President Linda A. Livingstone, Ph.D.
Season 6 - Episode 620
As another semester draws to a close, Baylor President Linda A. Livingstone, Ph.D., reflects on the 2022-23 year at Baylor and looks ahead to important initiatives and projects on the horizon. In this Baylor Connections, she shares more about next steps in strategic planning, Baylor’s live bear mascots, construction projects like the Mark and Paula Hurd Welcome Center and Paul and Alejandra Foster Pavilion, the Big 12 Conference and more.
Derek Smith:Hello and welcome to Baylor Connections, a conversation series with the people shaping our future. Each week we go in depth with Baylor Leaders, professors, and more discussing important topics in higher education, research and student life. I'm Derek Smith, and as an academic year comes to a close, we visit with Baylor University President, Dr. Linda Livingstone. Commencement is concluded, the academic year is in the books and now we get a chance to look back and look ahead as well. President Livingstone, thanks so much for taking the time to join us during this busy stretch.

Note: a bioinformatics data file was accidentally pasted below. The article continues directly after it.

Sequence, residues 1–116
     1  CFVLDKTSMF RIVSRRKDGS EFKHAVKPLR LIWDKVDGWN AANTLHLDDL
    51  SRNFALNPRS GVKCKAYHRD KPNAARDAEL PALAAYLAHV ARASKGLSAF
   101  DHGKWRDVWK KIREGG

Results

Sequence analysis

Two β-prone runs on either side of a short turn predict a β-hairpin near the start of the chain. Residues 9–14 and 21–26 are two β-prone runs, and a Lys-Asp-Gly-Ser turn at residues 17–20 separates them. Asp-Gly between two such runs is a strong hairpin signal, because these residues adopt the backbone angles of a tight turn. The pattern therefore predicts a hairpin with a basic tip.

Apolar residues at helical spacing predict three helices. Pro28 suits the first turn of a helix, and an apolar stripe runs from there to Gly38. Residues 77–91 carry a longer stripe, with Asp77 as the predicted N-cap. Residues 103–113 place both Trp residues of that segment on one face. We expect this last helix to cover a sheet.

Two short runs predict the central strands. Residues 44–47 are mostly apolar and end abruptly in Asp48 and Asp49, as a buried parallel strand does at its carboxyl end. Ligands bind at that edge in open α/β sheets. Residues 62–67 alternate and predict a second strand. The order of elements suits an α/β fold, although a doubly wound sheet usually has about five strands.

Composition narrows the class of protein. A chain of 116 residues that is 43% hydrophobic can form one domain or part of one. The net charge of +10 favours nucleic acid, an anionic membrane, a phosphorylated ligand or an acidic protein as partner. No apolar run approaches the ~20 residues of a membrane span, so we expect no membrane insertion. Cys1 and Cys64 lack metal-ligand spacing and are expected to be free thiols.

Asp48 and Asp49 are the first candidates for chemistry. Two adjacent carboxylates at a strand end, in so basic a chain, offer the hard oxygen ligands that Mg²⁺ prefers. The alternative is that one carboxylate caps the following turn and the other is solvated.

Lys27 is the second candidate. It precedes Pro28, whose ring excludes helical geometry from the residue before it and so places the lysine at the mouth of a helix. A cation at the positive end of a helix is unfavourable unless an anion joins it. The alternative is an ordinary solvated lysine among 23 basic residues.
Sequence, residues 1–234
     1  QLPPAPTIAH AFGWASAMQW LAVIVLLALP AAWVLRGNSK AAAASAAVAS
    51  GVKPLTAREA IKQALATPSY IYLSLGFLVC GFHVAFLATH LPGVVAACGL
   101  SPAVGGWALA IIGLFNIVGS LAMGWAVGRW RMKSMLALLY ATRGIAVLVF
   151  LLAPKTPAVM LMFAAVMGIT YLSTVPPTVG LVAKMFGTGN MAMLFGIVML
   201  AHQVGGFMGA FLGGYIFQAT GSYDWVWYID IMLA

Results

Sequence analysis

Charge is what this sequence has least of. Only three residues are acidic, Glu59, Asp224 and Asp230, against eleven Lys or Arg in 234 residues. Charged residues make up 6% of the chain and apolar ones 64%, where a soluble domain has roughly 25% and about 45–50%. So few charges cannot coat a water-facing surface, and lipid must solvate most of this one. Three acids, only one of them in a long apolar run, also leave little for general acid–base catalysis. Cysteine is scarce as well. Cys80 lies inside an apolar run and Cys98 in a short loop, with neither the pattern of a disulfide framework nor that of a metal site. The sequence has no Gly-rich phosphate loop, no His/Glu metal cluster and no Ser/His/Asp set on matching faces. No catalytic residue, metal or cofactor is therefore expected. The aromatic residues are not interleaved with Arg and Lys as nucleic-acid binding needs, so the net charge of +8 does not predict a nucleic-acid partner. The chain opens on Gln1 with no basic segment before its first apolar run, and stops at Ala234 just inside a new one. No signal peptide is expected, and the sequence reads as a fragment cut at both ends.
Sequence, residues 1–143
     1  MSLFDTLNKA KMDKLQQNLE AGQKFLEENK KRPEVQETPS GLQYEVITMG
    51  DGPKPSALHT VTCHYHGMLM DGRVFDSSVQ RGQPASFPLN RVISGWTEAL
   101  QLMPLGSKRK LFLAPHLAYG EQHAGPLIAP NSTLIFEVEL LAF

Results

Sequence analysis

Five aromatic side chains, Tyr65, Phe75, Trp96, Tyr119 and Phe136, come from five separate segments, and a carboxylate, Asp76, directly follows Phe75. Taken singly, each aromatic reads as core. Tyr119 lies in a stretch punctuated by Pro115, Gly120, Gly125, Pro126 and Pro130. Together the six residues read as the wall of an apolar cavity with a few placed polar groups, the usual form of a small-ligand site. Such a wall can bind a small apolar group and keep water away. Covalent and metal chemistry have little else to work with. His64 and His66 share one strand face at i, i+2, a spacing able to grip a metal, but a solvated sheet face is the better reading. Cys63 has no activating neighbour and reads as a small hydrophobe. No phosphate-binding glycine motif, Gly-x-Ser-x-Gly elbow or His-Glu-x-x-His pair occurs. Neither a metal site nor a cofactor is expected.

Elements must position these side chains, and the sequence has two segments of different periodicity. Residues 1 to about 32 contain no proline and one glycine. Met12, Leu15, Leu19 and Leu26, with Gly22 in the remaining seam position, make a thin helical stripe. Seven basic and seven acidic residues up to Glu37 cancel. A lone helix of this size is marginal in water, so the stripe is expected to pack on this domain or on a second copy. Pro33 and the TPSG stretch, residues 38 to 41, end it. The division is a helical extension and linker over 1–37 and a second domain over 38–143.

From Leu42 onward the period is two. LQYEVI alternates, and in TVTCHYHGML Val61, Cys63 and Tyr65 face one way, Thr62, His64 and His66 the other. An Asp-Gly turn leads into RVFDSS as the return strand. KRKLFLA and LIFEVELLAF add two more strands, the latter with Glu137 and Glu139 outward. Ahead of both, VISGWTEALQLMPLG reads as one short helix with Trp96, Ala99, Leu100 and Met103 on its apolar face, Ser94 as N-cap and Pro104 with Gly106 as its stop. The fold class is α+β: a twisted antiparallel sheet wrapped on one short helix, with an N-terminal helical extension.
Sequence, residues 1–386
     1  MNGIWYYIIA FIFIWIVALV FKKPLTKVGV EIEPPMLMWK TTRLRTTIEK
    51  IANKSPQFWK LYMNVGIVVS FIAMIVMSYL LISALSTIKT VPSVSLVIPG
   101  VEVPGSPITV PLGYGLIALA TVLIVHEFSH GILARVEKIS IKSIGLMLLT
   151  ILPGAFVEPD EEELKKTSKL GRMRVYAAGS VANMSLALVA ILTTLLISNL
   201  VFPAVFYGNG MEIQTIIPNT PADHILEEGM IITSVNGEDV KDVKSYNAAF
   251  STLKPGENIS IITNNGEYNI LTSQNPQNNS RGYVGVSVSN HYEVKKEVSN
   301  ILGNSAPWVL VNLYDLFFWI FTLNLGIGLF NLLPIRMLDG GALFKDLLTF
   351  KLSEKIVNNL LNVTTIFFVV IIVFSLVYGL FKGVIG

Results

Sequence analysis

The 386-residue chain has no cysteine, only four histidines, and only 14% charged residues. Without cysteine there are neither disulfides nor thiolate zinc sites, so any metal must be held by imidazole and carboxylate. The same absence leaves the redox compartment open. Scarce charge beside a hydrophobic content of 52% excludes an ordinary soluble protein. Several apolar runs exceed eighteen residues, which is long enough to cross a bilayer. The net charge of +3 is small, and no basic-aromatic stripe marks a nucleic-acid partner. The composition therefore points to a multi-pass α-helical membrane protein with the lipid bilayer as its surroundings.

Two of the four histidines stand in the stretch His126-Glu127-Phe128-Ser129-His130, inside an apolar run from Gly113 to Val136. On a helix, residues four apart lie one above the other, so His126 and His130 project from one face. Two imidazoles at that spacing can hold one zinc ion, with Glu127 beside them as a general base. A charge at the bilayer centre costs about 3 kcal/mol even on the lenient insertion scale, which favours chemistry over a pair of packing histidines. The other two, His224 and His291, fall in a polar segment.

President Livingstone:Oh, Derek, I'm glad to be with you. It's an exciting time of the year as we graduate our students and send them off into the world. So it's a great time to talk and catch up on Baylor.
Derek Smith:Does it feel to you like May and the commencement always gets here as quickly as it does to the rest of us? It seems like the spring semester you blink and it's gone sometimes.
President Livingstone:We were talking about that at graduation and we could not believe it was already time for graduation. And the seniors are so happy to graduate, but they're also sad to be leaving Baylor, so you hear some of that from them too, it's like, "I can't believe my last semester went so fast." But it's also such an exciting time with their families and everything. So great time of year to celebrate our students.
Derek Smith:And lots to celebrate with our students and what's happening. And I'm curious, maybe three is an arbitrary number, but if you think of the academic year, we just completed two or three things that stand out to you about what the year that was?